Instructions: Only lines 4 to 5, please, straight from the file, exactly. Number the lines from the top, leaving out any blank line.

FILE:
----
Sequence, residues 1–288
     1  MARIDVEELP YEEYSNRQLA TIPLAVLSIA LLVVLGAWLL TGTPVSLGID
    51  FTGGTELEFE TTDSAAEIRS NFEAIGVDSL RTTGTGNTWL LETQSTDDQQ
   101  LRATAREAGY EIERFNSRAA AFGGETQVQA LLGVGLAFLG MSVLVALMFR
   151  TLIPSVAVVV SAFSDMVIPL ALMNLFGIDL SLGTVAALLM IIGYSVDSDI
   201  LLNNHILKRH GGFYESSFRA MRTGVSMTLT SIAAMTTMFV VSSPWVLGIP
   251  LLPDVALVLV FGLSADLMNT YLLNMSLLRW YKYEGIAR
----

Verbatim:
   101  LRATAREAGY EIERFNSRAA AFGGETQVQA LLGVGLAFLG MSVLVALMFR
   151  TLIPSVAVVV SAFSDMVIPL ALMNLFGIDL SLGTVAALLM IIGYSVDSDI